Interest rates have risen but for the moment appear range-bound. The 10-year U.S. treasury has bounced around from the high 1.2s to mid 1.3s. Equities had a bad week with no huge down days, but it was a slow daily drawdown and poor overall breadth. 

The big question is what will propel equities higher or encourage people to buy real estate? Are low interest rates and the threat of inflation enough of a draw to lure in buyers at these prices? Caution seems warranted for now due to multiple factors: we’re heading into fall; Congress is working through the debt ceiling and trillion-dollar stimulus packages which will add to the national debt in a way few could have imagined a few years ago.

We are starting to see choppy income from self-employed borrowers as they attempt to refinance or buy homes. This is a direct result of the damage done by Covid. This is making underwriting loans more difficult. Thankfully, Insignia works with lending partners who are willing to read between the lines or make judgment calls based on information beyond one poor tax filing.  


Market Commentary 9/3/21

Friday’s August 2021 job report was a big miss. The consensus was that 750,000 new jobs were expected but the number was woefully lower. Bond yields initially fell, but then rose as inside the report it was noted that wages increased faster than expected in a sign that structural inflation is ramping up faster than forecasters have predicted. If wage growth at this level is sustained, it could lead to a further rise of costs of goods and services. The Delta variant specifically hurt the travel and leisure industry as there were no job increases in this sector. The unemployment rate did fall to 5.20% but remember that number only counts people actively seeking work.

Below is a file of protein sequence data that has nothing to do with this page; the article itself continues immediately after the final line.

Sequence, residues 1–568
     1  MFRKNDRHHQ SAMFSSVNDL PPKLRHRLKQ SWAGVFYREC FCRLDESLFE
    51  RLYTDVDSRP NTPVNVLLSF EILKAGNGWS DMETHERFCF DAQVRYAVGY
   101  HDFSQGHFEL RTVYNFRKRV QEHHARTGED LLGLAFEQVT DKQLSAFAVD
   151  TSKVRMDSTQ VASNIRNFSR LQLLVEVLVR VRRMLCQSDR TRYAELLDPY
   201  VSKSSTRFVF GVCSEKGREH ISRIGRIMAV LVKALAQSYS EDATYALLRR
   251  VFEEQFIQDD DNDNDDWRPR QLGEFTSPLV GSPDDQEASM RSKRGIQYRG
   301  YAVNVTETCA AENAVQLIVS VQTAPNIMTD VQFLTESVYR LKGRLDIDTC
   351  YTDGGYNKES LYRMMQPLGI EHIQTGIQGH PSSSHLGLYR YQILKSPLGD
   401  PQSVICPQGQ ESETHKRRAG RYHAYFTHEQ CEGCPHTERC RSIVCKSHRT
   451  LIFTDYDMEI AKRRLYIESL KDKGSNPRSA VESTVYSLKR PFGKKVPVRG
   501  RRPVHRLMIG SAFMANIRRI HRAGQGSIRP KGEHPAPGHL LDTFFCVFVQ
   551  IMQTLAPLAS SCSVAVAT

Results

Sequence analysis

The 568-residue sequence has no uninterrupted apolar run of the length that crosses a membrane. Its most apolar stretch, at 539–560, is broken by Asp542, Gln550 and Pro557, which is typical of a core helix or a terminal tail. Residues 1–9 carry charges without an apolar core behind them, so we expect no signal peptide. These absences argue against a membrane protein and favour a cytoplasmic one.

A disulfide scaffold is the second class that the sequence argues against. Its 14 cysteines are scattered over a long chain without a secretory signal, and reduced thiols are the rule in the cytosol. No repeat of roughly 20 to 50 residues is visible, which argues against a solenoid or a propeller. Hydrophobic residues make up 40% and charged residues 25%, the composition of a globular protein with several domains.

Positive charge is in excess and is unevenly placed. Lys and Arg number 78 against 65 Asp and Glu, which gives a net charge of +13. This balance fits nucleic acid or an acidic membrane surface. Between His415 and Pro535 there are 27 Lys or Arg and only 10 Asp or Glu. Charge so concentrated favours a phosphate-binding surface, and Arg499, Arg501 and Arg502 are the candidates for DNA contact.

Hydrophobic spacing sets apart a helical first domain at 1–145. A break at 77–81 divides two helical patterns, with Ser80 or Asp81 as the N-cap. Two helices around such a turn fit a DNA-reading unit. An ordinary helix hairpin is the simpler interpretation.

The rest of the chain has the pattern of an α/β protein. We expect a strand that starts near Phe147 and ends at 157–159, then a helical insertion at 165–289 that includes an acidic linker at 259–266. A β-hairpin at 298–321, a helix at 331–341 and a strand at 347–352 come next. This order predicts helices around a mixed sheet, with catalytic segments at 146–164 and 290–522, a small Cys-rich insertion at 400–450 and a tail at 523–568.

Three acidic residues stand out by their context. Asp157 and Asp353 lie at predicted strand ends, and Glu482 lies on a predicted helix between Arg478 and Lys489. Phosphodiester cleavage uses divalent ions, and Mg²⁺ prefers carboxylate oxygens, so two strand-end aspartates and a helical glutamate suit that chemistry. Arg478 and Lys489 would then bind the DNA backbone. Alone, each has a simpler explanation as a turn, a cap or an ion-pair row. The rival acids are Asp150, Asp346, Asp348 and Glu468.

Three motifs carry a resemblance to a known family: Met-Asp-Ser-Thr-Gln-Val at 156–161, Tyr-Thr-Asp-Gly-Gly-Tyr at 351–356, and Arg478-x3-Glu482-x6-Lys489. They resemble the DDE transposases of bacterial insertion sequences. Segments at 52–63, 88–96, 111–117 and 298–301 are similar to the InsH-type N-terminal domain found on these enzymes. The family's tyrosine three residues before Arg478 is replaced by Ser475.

The big question facing the Fed in the coming months is whether it is justified to continue to purchase $120 billion per month in Treasury and MBS bonds. Massive Fed stimulus has had direct positive impacts on financial assets including equities and homes prices. However, as home prices surge around the country, some are beginning to wonder if this program is still needed as the pinch of inflation is beginning to be felt by low-end workers the most. These workers see no benefit from low rates as they are not invested in the market and most are not homeowners. 

Our feeling is the Fed will probably taper, but not next month. Bill Gross, the former bond king, sees the 10-year moving up to 2.000% next year. Even some Fed members have opined on the need to scale back bond-buying as this program was not designed to assist supply-side issues in the economy. Employers all over the country are looking for workers and goods and service prices are rising as supply chain issues delay or limit how much of these goods and services can be made and shipped. Some are also beginning to worry from afar about stagflation, the combination of a slowing workforce and rising prices. 

Keep an eye out for Fed speak, increased volatility in the equities market, and the direction of the 10-year bond in the coming weeks. As we enter a historically volatile part of the year for the markets, the added concerns over Fed policy could make for some tough days ahead. However, one must keep in perspective the incredible run in equities and housing over the last year and a half should markets move lower.